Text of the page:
Women-Owned Small Businesses Can Now be Awarded Sole Source Federal Contracts

By David L. Hayden, Of Counsel at Smith, Anderson, Blount, Dorsett, Mitchell & Jernigan, LLPEffective

December 31, 2015, contracting officers can make sole source awards to Women-Owned Small Businesses (WOSBs) and Economically Disadvantaged Women-Owned Small Businesses (EDWOSBs). See FAR 19.1506.

 

Why is this important?

A sole source award is the surest way for a company to be awarded a government contract. While the awardee has to be the only entity capable of performing the contract to merit a sole source award, sole source awards are not unusual in federal contracting.

Before making a sole source award under this section the government must first determine that: (1) there is no reasonable expectation that offers would be received from two or more EDWOSB or WOSB concerns; (2) there are no exclusions applicable under FAR 19.104; (3) the total contract value is less than $4 million ($6.5 million for manufacturers); and (4) the U.S. Small Business Administration (SBA) has determined the specific industry section (NAICS code) is underrepresented or substantially underrepresented by WOSB concerns.

Government contractors possessing a valid “preference” can have a significant advantage in securing contract awards. For example, a small disadvantaged business (SDB) (i.e., under the SBA 8(a) Program), an historically underutilized business zone small business (HUBZone), a service-disabled veteran-owned small business (SDVOSB), an Alaskan-Native Owned company (ANC), a WOSB or an EDWOSB can be “set-aside” a specific federal contract to attempt to increase the share of government contracts awarded to that category of business. Only companies that meet the requirements for the specific preference are eligible to compete for an award under a set-aside solicitation.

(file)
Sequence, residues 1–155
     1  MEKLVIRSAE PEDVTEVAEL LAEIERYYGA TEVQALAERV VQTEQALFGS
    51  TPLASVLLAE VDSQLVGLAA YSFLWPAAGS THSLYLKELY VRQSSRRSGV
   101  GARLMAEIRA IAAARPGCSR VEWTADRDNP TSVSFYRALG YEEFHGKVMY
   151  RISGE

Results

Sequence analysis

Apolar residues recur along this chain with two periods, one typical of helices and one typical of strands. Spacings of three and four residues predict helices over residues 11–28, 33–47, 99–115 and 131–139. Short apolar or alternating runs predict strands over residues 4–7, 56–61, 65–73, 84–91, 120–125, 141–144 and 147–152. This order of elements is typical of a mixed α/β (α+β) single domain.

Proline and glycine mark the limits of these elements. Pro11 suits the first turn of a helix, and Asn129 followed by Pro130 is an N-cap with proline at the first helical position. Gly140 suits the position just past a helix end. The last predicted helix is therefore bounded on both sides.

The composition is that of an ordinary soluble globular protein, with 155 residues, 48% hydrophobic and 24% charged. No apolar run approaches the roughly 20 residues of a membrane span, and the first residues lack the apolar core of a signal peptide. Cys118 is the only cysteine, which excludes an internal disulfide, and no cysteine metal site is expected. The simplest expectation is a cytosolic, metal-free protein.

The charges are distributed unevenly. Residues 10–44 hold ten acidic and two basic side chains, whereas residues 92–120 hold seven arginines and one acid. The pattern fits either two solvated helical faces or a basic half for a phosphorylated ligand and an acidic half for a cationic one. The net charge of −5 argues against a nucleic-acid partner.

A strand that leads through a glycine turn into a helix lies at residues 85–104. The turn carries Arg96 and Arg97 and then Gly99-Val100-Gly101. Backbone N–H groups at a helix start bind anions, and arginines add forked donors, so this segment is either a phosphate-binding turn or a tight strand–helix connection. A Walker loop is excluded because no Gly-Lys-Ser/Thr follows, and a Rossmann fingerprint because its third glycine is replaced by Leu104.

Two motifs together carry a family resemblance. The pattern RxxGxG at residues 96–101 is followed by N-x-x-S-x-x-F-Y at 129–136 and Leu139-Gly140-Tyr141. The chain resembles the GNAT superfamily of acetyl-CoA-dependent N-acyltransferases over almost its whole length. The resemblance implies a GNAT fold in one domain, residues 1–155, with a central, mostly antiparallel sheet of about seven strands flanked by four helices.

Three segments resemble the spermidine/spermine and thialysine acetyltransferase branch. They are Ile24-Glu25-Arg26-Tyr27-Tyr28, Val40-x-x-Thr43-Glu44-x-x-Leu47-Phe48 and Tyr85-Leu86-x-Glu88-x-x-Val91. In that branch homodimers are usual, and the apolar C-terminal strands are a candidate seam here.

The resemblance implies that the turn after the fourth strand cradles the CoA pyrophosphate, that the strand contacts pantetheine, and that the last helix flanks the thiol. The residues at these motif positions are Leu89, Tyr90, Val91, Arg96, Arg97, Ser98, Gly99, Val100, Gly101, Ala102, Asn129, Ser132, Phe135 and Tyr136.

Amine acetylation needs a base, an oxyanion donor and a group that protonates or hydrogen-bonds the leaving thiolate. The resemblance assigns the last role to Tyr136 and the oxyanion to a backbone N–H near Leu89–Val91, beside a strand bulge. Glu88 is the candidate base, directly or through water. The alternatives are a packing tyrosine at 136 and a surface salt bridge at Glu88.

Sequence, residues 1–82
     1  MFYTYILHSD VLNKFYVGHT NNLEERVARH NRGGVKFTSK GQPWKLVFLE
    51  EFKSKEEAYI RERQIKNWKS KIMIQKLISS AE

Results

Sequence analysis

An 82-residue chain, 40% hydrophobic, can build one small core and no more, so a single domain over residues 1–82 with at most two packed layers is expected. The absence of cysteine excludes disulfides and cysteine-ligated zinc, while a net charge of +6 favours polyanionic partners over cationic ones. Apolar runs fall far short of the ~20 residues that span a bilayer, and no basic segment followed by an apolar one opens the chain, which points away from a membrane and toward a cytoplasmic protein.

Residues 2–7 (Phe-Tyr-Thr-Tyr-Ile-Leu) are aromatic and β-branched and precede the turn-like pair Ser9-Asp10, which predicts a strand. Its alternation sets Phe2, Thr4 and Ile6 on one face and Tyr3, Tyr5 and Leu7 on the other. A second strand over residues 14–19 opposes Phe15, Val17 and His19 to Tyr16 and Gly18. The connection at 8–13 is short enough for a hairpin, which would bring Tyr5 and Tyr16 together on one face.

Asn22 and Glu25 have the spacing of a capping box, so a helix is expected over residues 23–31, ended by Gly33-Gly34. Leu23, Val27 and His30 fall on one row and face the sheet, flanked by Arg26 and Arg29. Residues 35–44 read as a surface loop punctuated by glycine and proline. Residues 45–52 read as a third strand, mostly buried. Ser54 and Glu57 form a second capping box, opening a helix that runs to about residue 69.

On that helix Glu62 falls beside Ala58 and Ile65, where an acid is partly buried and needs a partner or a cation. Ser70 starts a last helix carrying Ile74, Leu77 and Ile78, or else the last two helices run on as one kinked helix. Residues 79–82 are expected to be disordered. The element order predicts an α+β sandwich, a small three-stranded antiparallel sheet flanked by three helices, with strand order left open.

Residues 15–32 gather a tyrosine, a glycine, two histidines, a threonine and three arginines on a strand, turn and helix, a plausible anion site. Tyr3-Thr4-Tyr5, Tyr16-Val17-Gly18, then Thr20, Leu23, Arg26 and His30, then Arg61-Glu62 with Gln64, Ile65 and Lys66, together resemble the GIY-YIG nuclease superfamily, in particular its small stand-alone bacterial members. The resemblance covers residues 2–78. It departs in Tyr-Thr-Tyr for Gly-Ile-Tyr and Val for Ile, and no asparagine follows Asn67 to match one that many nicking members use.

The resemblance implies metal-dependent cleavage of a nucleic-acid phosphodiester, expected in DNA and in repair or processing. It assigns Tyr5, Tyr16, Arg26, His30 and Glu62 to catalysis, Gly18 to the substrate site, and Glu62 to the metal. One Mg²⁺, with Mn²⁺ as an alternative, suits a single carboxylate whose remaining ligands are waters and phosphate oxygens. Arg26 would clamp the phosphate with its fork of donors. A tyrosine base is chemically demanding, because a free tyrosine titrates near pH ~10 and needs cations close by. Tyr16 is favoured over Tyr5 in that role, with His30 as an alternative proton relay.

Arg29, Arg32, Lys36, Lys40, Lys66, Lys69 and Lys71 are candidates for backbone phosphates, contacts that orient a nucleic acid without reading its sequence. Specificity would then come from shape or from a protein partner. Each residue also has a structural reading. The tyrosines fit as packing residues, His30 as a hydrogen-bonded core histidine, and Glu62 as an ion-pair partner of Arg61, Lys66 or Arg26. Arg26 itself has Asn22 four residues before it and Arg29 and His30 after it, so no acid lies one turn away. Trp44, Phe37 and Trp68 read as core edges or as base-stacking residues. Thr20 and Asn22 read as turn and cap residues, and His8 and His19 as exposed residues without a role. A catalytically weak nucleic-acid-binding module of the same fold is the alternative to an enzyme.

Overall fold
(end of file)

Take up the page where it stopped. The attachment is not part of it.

An even greater advantage occurs when the contracting officer awards a contract to a specific company under the contracting officer’s sole source authority (when certain prerequisites are met). Sole source options have been available to contracting officers for 8(a), SDVOSB and HUBZone concerns for many years (FAR 6-302-5). WOSBs and EDWOSBs were not eligible for sole source contracts before last year. The federal government, dissatisfied with the failure of various agencies to meet contracting goals for WOSBs over the last two years, took steps in 2015 to allow for WOSB and EDWOSB sole source contracts.

The National Defense Authorization Act (NDAA) for FY 2015, Public Law 113-291, provided the Congressional authority for sole source awards to WOSBs. The rules implementing that law are only now being published for WOSBs. SBA guidelines went into effect on October 14, 2015. The FAR Council (DOD, GSA and NASA) issued interim rules amending the Federal Acquisition Regulation (FAR) on December 31, 2015. The interim FAR rules are intended to be consistent with previous regulatory changes issued by the SBA that provide authority to award sole source contracts to WOSBs and EDWOSBs.

It has been suggested that contracting officers have been reluctant to exercise their WOSB sole source authority in the absence of a FAR provision, even though the NDAA and SBA regulations arguably were sufficient authority. This interim rule should remove further hesitation by contracting officers to exercise sole source authority for eligible WOSBs and EDWOSBs for future contracts.

David will be part of the “Certifications and Affiliations” seminar at Opportunities 2016, register now at www.sbtdc.org/event/opportunities

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